Symmetry breakings in dual-core systems with double-spot localization of nonlinearity

Symmetry breakings in dual-core systems with double-spot localization of nonlinearity

Krzysztof B. Zegadlo*, Nguyen Viet Hung , Aleksandr Ramaniuk , Marek Trippenbach and Boris A. Malomed Faculty of Physics, Astronomy and Applied Computer Science, Jagiellonian University, Lojasiewicza 11, PL-30-348, Krakow, Poland;
Advanced Institute for Science and Technology, Hanoi University of Science and Technology, Hanoi, Vietnam;
Faculty of Physics, University of Warsaw, ul. Pasteura 5, PL-02-093, Warszawa, Poland;
Department of Physical Electronics, School of Electrical Engineering, Faculty of Engineering, Tel Aviv University, Tel Aviv 69978, Israel
Abstract

We introduce a dual-core system with double symmetry, one between the cores, and one along each core, imposed by the spatial modulation of local nonlinearity in the form of two tightly localized spots, which may be approximated by a pair of ideal delta-functions. The analysis aims to investigate effects of spontaneous symmetry breaking in such systems. Stationary one-dimensional modes are constructed in an implicit analytical form. These solutions include symmetric ones, as well as modes with spontaneously broken inter-core and along-the-cores symmetries. Solutions featuring the simultaneous (double) breaking of both symmetries are produced too. In the model with the ideal delta-functions, all species of the asymmetric modes are found to be unstable. However, numerical consideration of a two-dimensional extension of the system, which includes symmetric cores with a nonzero transverse thickness, and the nonlinearity-localization spots of a small finite size, produces stable asymmetric modes of all the types, realizing the separate breaking of each symmetry, and states featuring simultaneous (double) breaking of both symmetries.

I Introduction

Dual-core couplers represent one of basic types of optical waveguides Huang (). In most cases, the couplers are realized as twin-core optical fibers fiber-coupler (); fiber-coupler2 () (i.e., in the temporal domain), as well as in double-layer planar waveguides (see, e.g., Ref. planar ()), i.e., in the spatial domain. Similar to two-core fiber waveguides for optical waves are dual-core cigar-shaped (strongly elongated) traps for matter waves in atomic Bose-Einstein condensates (BECs) Randy (). Transmission of matter waves in the latter setting have been studied theoretically BEC1 (); Luca2 (); Marek (), making use of the fact that the Gross-Pitaevskii equation (GPE) for the mean-field wave function of the matter waves in BEC BEC () is identical to the propagation equation for the complex amplitude electromagnetic waves in optical waveguides.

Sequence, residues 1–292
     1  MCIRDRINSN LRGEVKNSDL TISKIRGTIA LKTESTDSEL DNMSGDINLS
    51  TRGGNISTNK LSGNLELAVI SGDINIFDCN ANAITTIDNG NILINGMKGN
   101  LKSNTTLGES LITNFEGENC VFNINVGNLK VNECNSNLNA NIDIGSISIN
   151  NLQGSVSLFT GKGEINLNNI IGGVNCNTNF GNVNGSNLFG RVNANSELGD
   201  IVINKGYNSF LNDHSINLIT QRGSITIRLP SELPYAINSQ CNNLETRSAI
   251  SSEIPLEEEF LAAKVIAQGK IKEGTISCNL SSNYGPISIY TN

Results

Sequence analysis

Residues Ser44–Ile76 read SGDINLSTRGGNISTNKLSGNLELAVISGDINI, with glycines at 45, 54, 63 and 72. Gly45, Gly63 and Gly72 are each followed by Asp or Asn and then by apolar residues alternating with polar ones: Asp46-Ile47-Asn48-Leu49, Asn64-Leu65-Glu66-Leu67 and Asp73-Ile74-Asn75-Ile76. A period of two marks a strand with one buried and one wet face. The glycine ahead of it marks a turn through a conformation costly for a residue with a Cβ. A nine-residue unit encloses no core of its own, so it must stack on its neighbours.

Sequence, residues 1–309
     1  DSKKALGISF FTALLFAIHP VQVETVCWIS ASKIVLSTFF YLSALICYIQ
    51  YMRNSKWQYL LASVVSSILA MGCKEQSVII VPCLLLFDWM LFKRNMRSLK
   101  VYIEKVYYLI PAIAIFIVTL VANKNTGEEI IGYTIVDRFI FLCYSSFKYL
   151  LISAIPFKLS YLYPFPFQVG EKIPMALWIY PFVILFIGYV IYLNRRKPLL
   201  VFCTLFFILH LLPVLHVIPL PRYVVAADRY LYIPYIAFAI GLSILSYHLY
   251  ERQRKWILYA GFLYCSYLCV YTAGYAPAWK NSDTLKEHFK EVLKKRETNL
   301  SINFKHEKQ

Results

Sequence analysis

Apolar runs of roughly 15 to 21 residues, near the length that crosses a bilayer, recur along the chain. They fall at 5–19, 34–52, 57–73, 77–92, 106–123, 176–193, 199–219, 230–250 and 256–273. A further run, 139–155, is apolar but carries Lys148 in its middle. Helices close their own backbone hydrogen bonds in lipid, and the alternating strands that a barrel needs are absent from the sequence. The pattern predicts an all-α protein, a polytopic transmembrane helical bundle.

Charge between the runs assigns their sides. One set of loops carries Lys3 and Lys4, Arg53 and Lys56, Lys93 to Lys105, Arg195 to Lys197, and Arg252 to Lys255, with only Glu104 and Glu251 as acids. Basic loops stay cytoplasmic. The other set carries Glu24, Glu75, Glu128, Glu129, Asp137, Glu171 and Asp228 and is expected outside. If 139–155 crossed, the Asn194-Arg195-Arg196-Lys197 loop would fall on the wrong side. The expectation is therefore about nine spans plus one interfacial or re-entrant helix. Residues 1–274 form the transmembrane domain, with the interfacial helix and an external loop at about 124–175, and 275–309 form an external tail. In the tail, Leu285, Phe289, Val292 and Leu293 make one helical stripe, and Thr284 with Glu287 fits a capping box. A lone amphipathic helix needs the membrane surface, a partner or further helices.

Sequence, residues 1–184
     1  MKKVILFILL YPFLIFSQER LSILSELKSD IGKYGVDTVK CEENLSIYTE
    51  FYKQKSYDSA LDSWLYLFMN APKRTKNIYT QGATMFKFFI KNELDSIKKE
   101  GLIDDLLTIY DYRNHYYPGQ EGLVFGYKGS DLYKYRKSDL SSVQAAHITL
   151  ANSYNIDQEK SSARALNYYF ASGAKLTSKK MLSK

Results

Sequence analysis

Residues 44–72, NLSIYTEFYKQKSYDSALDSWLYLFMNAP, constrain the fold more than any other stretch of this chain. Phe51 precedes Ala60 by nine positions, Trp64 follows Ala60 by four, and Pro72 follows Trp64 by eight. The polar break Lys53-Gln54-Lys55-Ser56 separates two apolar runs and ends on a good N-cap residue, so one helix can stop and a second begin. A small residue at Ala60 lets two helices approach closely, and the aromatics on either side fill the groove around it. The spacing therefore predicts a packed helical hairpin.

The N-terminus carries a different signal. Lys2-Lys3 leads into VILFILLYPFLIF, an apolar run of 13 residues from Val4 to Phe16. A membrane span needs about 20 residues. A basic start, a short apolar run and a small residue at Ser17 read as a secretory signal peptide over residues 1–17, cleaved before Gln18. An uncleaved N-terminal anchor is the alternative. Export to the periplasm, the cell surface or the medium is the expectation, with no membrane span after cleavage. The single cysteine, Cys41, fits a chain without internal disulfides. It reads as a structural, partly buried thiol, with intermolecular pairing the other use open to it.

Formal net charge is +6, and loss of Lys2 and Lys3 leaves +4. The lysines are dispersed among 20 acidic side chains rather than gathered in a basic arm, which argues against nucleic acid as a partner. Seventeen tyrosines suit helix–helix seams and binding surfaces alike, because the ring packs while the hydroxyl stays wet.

If the intrinsic nonlinearity in the parallel-coupled cores is strong enough, the field exchange between them is affected by the intensity of the guided waves Jensen (); Maier (). This effect may be used as a basis for the design of switching devices switch1 ()-review () and other applications. Further, a fundamental property of nonlinear couplers with mutually symmetric cores is the symmetry-breaking bifurcation, which destabilizes obvious symmetric modes in the dual-core system, and gives rise to asymmetric states. The symmetry breaking was analyzed for temporally uniform states (continuous waves) in dual-core nonlinear optical fibers Snyder (), as well as for solitons in the same system Wabnitz ()-Kin (). Some results obtained in this area were summarized in early reviews Wabnitz2 () and Progress (), and in a recent review article in-Peng ().

The Kerr nonlinearity in the dual-core system gives rise to the symmetry-breaking bifurcation for solitons of the subcritical type, with emerging unstable branches of asymmetric modes going backward (in the direction of decreasing nonlinearity strength), and then turning forward bifurcations (). The branches stabilize themselves at the turning points. On the other hand, the bifurcation for continuous waves, in the same system, is of the supercritical type. It creates stable branches of asymmetric states, which immediately go forward (in the direction of strengthening nonlinearity).

The objective of the present paper is to report new result for the ordinary and double symmetry breakings in dual-core systems, in which the additional symmetry in each core is introduced by assuming that its intrinsic nonlinearity is subject to the spatial modulation, being concentrated at two mutually symmetric spatially separated points. Such a setting may be implemented in optics, by means of spatially inhomogeneous distribution of a nonlinearity-enhancing dopant in the waveguiding cores Kip (), as well as in BEC, using Feshbach resonance controlled by laser beams focused at the nonlinearity-concentration spots Feshbach (). In particular, as concerns this phenomenology in quantum gases, spontaneous symmetry breaking between degenerate ground states is an important feature of quantum phase transitions in bosonic systems. The understanding and control of symmetries of quantum systems may lead to realization of new quantum phases, which are subjects of great interest to fundamental and applied studies alike. It is relevant to mention that, while ordinary spontaneous symmetry breaking was considered in various settings book (), effects of double symmetry breaking were previously addressed only in few cases, see, e.g., Ref. Raymond ().